Luck O the Katt

 
 
By Spencer F. Katt  |  Posted 2004-03-15 Email Print this article Print
 
 
 
 
 
 
 

The PartnerWorld comedy club; green journalism.

As you may recall, we last left Spencer lurking about Las Vegas during IBMs PartnerWorld. Sadly, the romantic Rumormongers attempt to woo a young miss—who had mistaken him for IBM guest speaker Robert Redford—failed when her Seeing Eye dog snapped at him. Unlucky at love, the Libelous Lothario turned his baby blues back to Big Blue.

The Furball thought IBM boss Sam Palmisanos keynote veered near Howard Stern territory. "With the speed in this ThinkPad, you could put it in your lap and get your pants pressed ... and maybe something else, too," Palmisano chortled. "The FCC should fine him for attempting to commit humor," mused the Mouser. The conferences basic message was that IBM is ready to go toe-to-toe with Microsoft in its upcoming battle for the SMB market. Even IBMs business partners, including Lou Johnson, president of Siwell Consulting, were spoiling for a donnybrook with Redmond. Hobbling onstage in a leg cast, Johnson blamed the injury on "kicking so much Microsoft butt."

The Tabby was tickled when IBM researcher Roberto Sicconi demonstrated a Ford sedan equipped with IBMs personal speech assistant technology, featuring a conversation agent called Sally. Unlike the verbose computer car of the ancient TV hit "Knight Rider," Sally seemed to suffer from an attention disorder, causing Paul Horn, IBMs research director, to quip, "Sally isnt quite awake this morning. I think she was at the tables last night."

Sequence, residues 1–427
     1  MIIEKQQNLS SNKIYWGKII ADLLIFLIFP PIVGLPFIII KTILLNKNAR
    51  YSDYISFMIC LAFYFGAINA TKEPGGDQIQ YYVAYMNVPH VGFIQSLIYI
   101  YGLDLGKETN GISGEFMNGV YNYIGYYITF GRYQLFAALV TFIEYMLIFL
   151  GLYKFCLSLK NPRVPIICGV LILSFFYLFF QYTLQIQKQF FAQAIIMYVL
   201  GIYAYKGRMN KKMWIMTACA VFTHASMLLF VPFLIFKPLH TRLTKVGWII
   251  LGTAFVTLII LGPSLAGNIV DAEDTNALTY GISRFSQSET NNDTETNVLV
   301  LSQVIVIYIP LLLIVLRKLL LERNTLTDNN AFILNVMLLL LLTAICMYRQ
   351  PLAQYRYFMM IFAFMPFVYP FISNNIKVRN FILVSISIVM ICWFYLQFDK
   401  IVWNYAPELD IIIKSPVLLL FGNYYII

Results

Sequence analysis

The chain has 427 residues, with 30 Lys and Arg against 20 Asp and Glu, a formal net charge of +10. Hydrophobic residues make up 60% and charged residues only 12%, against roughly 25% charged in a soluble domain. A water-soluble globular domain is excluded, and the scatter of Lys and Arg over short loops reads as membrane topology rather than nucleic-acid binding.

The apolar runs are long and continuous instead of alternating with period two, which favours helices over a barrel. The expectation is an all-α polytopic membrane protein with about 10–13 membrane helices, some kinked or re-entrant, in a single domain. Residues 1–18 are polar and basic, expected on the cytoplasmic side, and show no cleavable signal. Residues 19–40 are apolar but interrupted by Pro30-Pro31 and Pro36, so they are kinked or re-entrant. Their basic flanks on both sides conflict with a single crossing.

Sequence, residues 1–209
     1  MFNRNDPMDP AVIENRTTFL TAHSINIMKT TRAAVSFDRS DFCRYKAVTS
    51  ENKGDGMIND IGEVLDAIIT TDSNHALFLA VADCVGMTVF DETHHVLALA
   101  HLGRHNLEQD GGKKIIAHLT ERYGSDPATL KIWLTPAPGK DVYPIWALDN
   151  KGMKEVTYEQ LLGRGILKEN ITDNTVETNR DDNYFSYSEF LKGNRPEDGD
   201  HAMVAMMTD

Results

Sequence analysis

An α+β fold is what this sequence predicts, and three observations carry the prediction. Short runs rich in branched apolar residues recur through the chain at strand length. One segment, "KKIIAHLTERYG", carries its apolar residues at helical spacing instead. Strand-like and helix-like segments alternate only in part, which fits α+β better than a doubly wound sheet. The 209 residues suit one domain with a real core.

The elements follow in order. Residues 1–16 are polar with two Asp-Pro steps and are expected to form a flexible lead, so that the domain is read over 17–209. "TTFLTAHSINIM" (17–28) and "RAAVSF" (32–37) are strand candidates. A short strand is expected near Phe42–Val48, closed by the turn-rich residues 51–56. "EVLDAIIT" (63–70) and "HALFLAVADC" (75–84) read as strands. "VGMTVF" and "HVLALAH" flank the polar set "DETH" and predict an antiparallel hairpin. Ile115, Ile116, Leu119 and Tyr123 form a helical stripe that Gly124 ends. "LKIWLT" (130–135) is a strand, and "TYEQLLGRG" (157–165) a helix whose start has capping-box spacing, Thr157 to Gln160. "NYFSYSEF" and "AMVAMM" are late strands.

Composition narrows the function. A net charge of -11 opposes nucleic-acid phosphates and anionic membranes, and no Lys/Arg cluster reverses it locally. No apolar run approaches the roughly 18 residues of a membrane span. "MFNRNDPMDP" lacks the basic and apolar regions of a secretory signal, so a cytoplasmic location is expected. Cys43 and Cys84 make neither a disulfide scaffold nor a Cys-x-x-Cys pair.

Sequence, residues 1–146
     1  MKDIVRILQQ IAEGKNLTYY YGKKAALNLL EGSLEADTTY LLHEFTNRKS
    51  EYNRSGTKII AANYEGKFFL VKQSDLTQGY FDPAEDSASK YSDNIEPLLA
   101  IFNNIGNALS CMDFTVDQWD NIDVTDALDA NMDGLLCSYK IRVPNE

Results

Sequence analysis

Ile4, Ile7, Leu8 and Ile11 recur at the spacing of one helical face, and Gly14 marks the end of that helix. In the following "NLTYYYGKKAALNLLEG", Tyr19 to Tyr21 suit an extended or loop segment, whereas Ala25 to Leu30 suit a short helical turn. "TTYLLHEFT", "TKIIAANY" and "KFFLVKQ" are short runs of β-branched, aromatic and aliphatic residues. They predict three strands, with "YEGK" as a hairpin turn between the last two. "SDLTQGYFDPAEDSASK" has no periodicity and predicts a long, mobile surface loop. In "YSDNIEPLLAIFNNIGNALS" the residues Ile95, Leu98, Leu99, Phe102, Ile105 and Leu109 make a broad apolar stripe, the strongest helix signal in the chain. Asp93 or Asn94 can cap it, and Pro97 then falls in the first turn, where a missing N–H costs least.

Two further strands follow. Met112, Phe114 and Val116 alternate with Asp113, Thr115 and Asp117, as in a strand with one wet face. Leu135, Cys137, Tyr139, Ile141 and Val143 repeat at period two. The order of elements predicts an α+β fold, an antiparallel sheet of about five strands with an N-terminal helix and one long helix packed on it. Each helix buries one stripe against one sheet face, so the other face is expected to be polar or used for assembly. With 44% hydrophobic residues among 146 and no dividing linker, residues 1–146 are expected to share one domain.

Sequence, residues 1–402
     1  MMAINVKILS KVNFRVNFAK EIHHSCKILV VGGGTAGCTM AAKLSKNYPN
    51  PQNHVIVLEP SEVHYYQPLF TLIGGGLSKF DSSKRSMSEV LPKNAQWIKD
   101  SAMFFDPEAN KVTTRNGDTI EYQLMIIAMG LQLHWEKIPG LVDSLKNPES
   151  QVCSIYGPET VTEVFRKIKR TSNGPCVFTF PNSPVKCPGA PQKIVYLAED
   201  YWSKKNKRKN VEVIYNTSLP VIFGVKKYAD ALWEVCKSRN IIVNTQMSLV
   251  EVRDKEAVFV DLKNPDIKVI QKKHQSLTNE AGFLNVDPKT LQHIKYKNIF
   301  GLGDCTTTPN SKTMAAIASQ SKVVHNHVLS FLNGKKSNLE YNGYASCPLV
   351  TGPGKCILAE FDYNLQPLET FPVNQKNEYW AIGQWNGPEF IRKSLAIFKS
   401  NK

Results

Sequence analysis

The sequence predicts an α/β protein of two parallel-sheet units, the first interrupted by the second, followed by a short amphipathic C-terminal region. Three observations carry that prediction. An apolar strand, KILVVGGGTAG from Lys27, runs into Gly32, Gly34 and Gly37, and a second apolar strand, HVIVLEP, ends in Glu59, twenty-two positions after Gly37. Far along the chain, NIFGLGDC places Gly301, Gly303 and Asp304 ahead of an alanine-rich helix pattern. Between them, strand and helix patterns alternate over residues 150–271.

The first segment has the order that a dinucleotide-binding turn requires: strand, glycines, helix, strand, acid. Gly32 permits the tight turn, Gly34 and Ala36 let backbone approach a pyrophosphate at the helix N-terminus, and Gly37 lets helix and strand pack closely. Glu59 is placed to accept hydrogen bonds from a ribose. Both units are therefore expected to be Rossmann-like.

On the plane to Beantown, Spence sat beside a little guy with a red beard and bright green suit. The Kitty doesnt believe in leprechauns, but he noted to his seatmate that his name was really OKatt. It turned out his neighbor was an eccentric IT exec whose conversation was a virtual pot of gossip gold. The bantam businessman said Oracle will soon roll out its Commercial Grid Consortium and unveil plans to define standards that make up the APIs and functions of a commercial grid infrastructure. Standards groups, such as the Global Grid Forum, may be a wee bit leery of Larry Ellison, but HP and maybe Sun, members of GGF with Oracle, may already be embracing Oracles vision of a new consortium. Oracles grid news was slated for a late-April announcement, but jumpy Oracle execs could spill the beans over the next few weeks.

Later, the Kitty awoke in his litter box, his fur dyed bright green, with a vague reminiscence of sharing an airport cab with the diminutive dispenser of data to get a drink. In his pocket was a crumpled napkin from South Bostons The Quiet Man Pub on which someone had written: "Dear Mr. OKatt, IBM and HP may be in the running to pick up Peregrine. With HP announcing plans to buy Novadigm, Marimba may also be ripe for a suitor, possibly BMC. NetIQ, with its strong Windows management capabilities, may also find a potential suitor in BMC or HP. That should help you with your deadline. Now, tell me you still dont believe in leprechauns."

 
 
 
 
 
 
 
 
 
 
 

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